The answer is no. Michelle Malkin has a post up now titled "Report: Rules of engagement led to soldiers’ deaths". I wrote her to explain why this is not the case.
When Gen. McChrystal released his new Tactical Directive there was much consternation about the fact that there were strict limitations about when strikes against civilian locations were authorized. This was done to change our methods of dealing with enemy activity from dropping a bomb or indirect fire on them, to disengaging if possible to avoid killing civilians. This is a wise move if we are ever to gain the trust and help of the Afghan people. The new directive specifically states that if a unit cannot safely disengage, then they can use fire support against civilian locations.
(NOTE) This directive does not prevent commanders from protecting the lives of their men and women as a matter of self-defense where it is determined no other options (specific options deleted due to operational security) are available to effectively counter the threat.
In the case under discussion an advisory unit and it's Afghan counterparts were ambushed and called for fire support from Apache gunships and artillery. They got neither in a timely fashion and almost certainly that was a factor in the deaths of the four Marines.
U.S. commanders, citing new rules to avoid civilian casualties, rejected repeated calls to unleash artillery rounds at attackers dug into the slopes and tree lines — despite being told repeatedly that they weren't near the village.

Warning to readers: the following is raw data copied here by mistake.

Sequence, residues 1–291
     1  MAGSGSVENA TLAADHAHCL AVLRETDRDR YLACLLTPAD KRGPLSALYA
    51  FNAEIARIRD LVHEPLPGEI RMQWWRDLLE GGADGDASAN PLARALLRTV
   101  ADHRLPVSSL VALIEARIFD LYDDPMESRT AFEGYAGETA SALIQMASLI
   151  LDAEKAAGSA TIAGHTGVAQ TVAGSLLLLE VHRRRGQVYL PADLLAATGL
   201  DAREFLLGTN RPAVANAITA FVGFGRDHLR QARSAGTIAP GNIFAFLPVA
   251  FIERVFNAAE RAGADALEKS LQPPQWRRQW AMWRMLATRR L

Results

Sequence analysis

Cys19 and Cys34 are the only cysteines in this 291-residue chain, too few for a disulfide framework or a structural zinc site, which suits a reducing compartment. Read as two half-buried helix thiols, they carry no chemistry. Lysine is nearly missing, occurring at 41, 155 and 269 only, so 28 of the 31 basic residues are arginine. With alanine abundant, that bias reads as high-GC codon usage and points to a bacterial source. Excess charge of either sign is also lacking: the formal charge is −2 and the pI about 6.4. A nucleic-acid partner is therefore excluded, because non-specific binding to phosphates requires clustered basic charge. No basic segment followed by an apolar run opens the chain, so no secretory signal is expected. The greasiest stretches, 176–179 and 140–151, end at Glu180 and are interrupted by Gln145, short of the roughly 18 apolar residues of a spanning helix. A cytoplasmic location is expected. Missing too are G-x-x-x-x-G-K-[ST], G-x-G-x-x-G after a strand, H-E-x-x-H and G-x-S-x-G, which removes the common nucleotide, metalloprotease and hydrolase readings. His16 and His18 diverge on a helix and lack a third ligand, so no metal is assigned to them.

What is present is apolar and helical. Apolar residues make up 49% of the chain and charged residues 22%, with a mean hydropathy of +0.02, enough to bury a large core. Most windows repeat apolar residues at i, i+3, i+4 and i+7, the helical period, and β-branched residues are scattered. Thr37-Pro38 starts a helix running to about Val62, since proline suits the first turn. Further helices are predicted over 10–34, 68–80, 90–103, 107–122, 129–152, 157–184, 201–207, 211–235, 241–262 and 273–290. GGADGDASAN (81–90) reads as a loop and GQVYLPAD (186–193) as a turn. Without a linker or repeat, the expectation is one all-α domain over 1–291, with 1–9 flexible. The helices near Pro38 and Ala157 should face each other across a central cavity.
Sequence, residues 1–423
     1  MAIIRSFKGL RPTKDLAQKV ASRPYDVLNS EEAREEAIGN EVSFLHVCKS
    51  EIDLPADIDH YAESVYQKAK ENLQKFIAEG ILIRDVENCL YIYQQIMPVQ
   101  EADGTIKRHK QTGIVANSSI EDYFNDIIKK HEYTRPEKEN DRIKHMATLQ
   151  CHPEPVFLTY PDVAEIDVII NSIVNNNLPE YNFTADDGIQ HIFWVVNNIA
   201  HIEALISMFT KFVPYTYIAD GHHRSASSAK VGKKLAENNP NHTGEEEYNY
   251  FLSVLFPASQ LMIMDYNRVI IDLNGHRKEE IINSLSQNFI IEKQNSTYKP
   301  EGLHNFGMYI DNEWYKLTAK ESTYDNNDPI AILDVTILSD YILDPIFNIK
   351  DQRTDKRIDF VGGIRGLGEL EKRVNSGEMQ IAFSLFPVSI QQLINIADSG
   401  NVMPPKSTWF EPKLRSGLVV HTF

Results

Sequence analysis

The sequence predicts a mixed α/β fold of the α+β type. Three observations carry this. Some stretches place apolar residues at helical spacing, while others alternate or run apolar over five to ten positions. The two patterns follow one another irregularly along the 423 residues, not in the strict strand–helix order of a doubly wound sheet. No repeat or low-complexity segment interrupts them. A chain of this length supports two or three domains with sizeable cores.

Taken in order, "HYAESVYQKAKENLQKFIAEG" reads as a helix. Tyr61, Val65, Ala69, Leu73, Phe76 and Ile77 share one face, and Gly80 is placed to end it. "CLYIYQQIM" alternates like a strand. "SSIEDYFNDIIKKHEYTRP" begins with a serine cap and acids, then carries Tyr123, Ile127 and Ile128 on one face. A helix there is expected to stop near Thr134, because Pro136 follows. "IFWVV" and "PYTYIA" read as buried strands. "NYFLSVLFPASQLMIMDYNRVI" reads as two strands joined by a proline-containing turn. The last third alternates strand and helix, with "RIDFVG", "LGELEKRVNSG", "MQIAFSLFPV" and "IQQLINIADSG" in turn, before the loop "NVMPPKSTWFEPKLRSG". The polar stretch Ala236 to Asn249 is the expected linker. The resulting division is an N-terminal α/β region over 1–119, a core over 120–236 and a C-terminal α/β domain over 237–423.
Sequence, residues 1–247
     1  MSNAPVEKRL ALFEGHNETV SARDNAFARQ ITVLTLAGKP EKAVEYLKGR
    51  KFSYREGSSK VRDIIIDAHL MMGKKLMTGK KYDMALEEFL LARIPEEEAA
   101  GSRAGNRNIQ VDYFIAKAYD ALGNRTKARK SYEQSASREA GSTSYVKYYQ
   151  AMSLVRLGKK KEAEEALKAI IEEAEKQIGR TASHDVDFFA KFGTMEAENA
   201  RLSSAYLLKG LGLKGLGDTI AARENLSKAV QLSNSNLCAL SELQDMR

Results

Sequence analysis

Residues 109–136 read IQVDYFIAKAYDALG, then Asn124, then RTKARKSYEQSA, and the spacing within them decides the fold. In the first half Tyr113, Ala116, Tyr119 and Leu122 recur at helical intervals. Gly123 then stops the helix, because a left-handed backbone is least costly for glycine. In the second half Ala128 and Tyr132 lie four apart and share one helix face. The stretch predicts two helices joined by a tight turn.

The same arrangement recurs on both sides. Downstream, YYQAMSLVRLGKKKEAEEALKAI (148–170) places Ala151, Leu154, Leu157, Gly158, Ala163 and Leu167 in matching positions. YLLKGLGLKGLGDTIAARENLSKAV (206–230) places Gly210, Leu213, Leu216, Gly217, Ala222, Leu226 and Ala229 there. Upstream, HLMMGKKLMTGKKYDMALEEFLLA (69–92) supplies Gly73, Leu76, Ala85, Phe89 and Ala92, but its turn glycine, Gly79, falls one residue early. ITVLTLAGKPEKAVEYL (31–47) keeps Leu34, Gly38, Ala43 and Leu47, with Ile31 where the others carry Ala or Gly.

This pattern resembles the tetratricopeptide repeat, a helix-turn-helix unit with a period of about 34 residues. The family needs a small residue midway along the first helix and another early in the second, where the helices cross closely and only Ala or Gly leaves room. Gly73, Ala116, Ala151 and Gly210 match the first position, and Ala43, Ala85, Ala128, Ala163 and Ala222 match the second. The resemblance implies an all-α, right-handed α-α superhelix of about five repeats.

But it was not the Rules of Engagement (ROE) that caused their deaths. If this report from a McClatchy journalist is accurate then mistakes were made. But the mistakes were in improperly applying the ROE and in disregarding the commander on the ground saying that there were no civilians in jeopardy regardless. If as reported they were denied this fire support due to an overly tight and wrong interpretation of the ROE, and worse if the chain of command failed to listen to the unit in contact advising that the call for fire would not harm civilians, then heads should roll. But let's find out if that is the case before we jump to judgment. And you will pardon me if I decline to take a story published by one journalist as the gospel truth on this. None of this, however, points to the ROE as the cause of these Marines deaths.
We need to adapt the way we operate and fight in Afghanistan to minimize civilian casualties or we will never succeed. But, we have to do so without leaving our troops incapable of defending themselves. These are not mutually exclusive concepts.